There are several open source solutions on the net that could/should be used, and I guarantee that if the gov’t ever decided to use one, the tech community would give that code the best review ever given to code. It would become the most robust, maintained, maintainable, and solid code we have ever seen. On a par with Windows, one might say!! (sorry. tension breaker — had to be done)
Alas, we sit around and debate whether or not having one hacker try to overrun a buffer is a good thing.
-Mike S.

Mike (profile) says:

Re: Take a step back...

Yes, we should take a step back, and yes we should be looking for open solutions. However, the PROBLEM is that right now everyone’s looking at this hack attempt as if it’s going to prove that the Diebold machines are unsafe. THAT’s the problem. It’s dangerous to set things up where we’re using the hackers to prove the wrong thing. If the hacker fails, then these machines are going to be labeled SAFE — and your dream of open source voting goes to hell. So, let’s focus on what’s happening now, and try to make it clear why it’s a bad idea. Then you can discuss better solutions so that this issue would never come up in the first place.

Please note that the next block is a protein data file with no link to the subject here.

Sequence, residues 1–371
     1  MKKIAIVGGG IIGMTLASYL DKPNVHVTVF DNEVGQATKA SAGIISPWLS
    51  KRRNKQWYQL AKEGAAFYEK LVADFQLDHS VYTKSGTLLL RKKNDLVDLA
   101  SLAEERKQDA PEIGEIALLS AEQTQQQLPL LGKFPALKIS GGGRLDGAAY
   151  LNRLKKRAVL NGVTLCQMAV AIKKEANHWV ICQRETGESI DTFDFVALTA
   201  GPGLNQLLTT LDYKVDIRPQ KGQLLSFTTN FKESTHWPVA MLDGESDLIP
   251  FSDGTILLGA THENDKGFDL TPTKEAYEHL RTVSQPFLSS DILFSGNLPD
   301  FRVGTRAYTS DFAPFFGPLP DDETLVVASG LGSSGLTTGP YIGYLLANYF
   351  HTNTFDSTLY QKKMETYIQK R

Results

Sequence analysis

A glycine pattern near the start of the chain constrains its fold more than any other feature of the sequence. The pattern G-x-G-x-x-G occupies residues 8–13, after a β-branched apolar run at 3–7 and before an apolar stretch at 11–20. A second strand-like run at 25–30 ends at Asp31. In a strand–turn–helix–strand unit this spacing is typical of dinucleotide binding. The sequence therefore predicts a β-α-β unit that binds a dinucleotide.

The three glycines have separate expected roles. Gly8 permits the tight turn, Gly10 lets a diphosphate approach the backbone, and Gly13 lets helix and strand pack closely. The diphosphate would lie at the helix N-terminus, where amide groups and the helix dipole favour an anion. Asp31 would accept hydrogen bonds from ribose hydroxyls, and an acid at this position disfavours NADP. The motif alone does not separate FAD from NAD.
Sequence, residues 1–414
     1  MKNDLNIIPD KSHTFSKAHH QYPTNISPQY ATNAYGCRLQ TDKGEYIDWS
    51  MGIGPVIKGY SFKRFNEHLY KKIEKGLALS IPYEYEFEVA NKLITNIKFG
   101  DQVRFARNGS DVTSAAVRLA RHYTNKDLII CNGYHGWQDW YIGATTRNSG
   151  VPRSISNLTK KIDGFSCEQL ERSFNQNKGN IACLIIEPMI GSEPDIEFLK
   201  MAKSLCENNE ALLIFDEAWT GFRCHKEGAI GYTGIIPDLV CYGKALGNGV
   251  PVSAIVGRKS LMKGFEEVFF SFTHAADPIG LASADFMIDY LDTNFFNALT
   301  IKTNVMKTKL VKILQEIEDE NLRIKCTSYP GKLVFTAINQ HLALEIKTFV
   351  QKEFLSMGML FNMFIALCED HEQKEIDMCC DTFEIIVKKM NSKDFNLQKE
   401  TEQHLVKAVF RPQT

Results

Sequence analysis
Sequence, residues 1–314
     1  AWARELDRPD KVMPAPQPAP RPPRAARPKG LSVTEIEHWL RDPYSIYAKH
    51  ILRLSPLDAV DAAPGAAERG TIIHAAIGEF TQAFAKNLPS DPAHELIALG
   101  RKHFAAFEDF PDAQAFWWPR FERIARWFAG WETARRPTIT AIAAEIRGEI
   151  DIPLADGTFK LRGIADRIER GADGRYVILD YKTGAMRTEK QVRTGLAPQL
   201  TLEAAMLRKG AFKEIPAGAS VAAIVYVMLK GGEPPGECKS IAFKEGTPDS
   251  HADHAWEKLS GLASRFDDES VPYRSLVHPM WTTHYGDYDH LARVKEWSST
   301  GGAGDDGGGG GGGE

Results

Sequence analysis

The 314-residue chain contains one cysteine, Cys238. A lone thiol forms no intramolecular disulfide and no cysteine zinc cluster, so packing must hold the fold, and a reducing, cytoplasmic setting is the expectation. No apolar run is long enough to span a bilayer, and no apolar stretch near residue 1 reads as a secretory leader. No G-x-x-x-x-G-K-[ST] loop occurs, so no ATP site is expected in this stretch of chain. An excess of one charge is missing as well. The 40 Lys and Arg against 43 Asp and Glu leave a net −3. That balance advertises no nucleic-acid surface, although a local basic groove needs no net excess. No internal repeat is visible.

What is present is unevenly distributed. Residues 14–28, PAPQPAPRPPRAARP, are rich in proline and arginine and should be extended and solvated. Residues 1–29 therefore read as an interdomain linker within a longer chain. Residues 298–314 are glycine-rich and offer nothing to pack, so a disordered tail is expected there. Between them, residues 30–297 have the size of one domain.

Mike S. says:

Re: Re: Take a step back...


I agree that this hack attempt is bound for failure.

My problem is that by attacking their testing mechanism instead of the whole concept of proprietary, closed-source voting machines, this red-herring argument becomes effective.

Clearly, placing one hacker in front of a black box and saying ‘GO’ is just a publicity stunt. It’s our responsibility as concerned citizens to recognize that and bring the argument back to the meat. Closed source voting is BAD.

The answer is not to address the hacker or any other means that Diebold will use for testing, but to concentrate on the real issue.

-Mike S.

Kaizoman says:

Fact of the Matter